Governor testifies in ship trial.
COQUILLE - Gov. John Kitzhaber told a Coos County jury Wednesday that he doesn't want the New Carissa to set a bad example.
"I would hate to set a precedent that you can dump a ship on the Oregon Coast and walk away from it," Kitzhaber said from the witness chair in what is expected to be a monthlong trial.
The state of Oregon is suing Taiheiyo Kaiun Co. Ltd. of Japan and two of the company's subsidiaries that owned and operated the 639-foot New Carissa.
The state wants a court order requiring removal of two pieces of the ship's stern from the Coos Bay North Spit.
If the defendant declines, the state seeks an amount sufficient to cover the cost of hiring a salvage operator to do the job, expected to cost up to $25 million.
In addition, the state is asking for $1,500 per day in "storage costs" dating to the Feb. 4, 1999, grounding of the chip carrier in a storm, as well as an unspecified amount of compensation for damage to the beach. A salvage team towed the bow section out to sea where it was sunk, but similar efforts to dispose of the stern section failed in October 1999.
The Taiheiyo Kaiun defense team disputes the state's claim that the grounding occurred because of negligence by the ship's crew and is expected to introduce expert testimony that the 1,500-ton remains cannot be safely removed and need to stay put.
Kitzhaber, who said being called as a trial witness was a first for him, testified for about two hours and calmly answered dozens of questions from attorneys representing both sides.
In his testimony, Kitzhaber repeatedly contended that Oregon's beach law and state land use goals required him - and the State Land Board that he chairs - to take legal action once it became evident in 2000 that the New Carissa's owner was not planning to remove the stern section as promised in 1999.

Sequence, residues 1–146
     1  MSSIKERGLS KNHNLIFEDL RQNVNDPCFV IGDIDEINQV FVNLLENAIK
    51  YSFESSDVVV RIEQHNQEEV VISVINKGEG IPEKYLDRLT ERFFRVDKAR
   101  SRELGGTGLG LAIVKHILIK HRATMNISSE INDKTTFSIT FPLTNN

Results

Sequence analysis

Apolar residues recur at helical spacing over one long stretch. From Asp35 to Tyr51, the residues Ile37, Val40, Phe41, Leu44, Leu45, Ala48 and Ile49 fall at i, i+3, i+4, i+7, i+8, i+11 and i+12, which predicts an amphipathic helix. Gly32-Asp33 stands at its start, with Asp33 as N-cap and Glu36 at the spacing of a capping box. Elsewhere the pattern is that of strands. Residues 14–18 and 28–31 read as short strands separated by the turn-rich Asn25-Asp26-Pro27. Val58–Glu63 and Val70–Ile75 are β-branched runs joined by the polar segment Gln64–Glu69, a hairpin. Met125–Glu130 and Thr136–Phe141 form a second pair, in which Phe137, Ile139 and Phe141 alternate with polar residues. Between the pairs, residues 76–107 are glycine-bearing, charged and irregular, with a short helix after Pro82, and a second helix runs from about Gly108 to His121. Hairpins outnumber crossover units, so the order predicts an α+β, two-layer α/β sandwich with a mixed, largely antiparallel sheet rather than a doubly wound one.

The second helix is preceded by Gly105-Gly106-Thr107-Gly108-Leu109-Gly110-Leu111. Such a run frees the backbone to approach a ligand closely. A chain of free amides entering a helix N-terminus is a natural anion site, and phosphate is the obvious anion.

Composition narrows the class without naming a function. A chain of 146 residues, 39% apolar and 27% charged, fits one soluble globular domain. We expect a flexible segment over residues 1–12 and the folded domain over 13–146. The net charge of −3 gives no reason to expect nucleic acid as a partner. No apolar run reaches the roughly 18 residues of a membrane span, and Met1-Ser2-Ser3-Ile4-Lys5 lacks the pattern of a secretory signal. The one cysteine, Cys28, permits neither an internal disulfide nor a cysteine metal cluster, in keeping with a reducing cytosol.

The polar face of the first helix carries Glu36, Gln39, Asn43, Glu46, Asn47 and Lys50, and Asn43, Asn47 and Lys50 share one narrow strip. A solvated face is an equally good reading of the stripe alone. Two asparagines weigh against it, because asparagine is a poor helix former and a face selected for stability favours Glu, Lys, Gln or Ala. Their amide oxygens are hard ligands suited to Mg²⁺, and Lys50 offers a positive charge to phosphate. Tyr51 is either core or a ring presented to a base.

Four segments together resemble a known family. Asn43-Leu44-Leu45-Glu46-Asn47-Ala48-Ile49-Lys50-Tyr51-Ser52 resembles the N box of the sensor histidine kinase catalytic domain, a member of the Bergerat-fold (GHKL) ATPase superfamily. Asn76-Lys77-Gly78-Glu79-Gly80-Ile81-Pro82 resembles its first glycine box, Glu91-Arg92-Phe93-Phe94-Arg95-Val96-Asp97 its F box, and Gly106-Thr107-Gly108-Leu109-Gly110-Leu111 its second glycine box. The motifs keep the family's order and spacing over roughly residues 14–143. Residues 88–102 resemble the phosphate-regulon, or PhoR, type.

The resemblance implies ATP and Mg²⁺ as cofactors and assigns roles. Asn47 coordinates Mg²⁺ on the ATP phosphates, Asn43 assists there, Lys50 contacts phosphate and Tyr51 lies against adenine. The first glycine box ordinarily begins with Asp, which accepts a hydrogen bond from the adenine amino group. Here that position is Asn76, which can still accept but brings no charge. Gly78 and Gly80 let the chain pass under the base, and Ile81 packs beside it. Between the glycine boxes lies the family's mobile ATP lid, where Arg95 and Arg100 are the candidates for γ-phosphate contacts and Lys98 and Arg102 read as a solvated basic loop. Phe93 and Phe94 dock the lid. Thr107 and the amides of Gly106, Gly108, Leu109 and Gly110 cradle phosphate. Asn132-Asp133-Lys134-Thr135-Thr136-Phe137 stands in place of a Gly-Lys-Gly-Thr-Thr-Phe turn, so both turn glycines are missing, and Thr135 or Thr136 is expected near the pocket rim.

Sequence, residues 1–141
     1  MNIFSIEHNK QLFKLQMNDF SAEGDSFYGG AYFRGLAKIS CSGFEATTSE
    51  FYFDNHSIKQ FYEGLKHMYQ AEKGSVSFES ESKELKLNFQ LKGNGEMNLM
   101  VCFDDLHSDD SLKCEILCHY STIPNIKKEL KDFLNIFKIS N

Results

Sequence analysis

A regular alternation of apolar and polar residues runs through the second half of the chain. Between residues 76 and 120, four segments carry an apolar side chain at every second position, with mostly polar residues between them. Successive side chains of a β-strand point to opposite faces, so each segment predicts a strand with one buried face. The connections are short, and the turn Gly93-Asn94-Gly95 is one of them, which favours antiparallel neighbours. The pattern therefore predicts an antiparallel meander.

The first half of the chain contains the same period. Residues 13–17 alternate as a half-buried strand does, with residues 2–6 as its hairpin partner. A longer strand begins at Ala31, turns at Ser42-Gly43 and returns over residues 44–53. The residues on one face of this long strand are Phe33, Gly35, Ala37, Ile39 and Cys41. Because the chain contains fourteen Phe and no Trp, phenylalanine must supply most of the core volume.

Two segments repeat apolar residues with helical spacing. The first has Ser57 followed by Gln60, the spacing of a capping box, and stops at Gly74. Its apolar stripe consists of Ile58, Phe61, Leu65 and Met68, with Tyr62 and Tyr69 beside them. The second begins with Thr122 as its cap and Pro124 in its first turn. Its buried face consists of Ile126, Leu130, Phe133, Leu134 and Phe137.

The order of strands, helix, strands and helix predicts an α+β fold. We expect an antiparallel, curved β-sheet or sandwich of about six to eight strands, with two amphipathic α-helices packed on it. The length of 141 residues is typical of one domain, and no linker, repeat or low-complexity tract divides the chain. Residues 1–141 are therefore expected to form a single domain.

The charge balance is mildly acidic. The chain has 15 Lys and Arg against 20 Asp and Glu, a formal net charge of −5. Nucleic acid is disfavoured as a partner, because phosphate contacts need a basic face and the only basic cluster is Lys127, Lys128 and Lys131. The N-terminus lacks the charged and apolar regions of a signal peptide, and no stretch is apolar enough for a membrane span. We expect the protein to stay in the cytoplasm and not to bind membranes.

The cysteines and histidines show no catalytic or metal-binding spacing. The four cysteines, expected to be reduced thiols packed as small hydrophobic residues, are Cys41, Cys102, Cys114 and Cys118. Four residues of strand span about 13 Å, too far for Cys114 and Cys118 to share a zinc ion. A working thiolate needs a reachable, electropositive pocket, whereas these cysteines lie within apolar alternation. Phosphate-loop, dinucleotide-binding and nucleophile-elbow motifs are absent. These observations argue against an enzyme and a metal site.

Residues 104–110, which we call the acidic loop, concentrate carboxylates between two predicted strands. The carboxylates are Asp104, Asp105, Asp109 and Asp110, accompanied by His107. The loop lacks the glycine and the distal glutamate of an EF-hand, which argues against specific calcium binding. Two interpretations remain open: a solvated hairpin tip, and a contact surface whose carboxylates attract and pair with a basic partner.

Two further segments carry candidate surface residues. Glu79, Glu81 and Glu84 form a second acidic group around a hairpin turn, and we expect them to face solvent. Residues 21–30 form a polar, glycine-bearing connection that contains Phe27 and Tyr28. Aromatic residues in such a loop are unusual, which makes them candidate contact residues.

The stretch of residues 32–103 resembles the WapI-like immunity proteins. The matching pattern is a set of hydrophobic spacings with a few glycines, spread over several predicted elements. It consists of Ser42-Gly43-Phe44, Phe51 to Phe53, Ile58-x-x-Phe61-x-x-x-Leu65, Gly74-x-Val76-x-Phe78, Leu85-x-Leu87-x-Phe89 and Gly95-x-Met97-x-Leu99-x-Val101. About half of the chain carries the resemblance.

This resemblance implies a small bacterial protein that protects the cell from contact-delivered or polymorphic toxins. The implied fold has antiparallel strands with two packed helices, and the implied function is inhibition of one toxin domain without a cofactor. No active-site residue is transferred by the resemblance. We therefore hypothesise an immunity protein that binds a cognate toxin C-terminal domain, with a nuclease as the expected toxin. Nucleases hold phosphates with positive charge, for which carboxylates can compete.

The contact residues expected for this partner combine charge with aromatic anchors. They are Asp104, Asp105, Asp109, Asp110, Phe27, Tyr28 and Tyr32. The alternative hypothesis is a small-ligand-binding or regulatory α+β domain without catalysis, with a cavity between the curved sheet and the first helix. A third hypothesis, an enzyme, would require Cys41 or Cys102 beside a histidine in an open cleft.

The governor said Oregon's beaches are one of the state's most treasured natural resources. "Our job is to preserve and protect them for present and future generations," he said.
Kitzhaber noted the advice of a British salvage expert, Phil Birkenhead, who testified Tuesday that the stern section could safely be removed. The governor acknowledged that salvage work is dangerous and that someone could get killed or injured trying to remove the wreck.
"But I think what you have to weigh is the risk of trained professionals doing their job against the risk of an 18-year-old going out on graduation night and trying to paint his class number on the wreck," Kitzhaber said.
Under cross-examination from defense attorney Roman Silberfeld of Los Angeles, Kitzhaber acknowledged there are other shipwrecks on public beaches - such as the remains of the Peter Iredale, which drifted onto the beach near what is now Fort Stevens State Park in 1906 and is now a tourist attraction.
Kitzhaber conceded someone could get hurt on the Peter Iredale or on the wreckage remaining from the Sujameco, a freighter that washed ashore in 1929 on the Coos Bay North Spit three miles north of the New Carissa.
But the governor said the New Carissa is the first ship to wreck on an Oregon beach since passage of the state's beach law in 1967.
If the wrecked freighter cannot be removed, the state seeks damages to be determined by the jury.
Asked by the state's lead attorney, William Wheatley, for his estimate of what the damage would be, Kitzhaber said he believes it to be "incalculable"
"This is a public treasure," he said. "It's part, I think, of who we are in Oregon."
Wheatley said later that the rest of the trial will feature expert witnesses from both sides offering testimony on two issues: whether the New Carissa's operator was negligent in causing the ship to go aground, and whether the wreckage on the beach constitutes a "negligent trespass" that obligates the owner to remove it or pay damages.
Melinda Merrill, a spokeswoman for the ship's owner, said the defense will provide evidence that no negligence occurred and that the owners were cooperating with the state much longer than Kitzhaber indicated.
Yuichi Ishikawa, former president and now an adviser for Taiheiyo Kaiun, was among those at the trial Wednesday.
"We take this situation very seriously and have worked very hard for the last 3 1/2 years to do the right thing," Ishikawa said.
"We tried to cooperate with the state. But these efforts were halted because the state sued us."
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|Title Annotation:||Lawsuit: John Kitzhaber insists the stern of the New Carissa must be removed from the beach.; Disasters|
|Publication:||The Register-Guard (Eugene, OR)|
|Date:||Oct 10, 2002|
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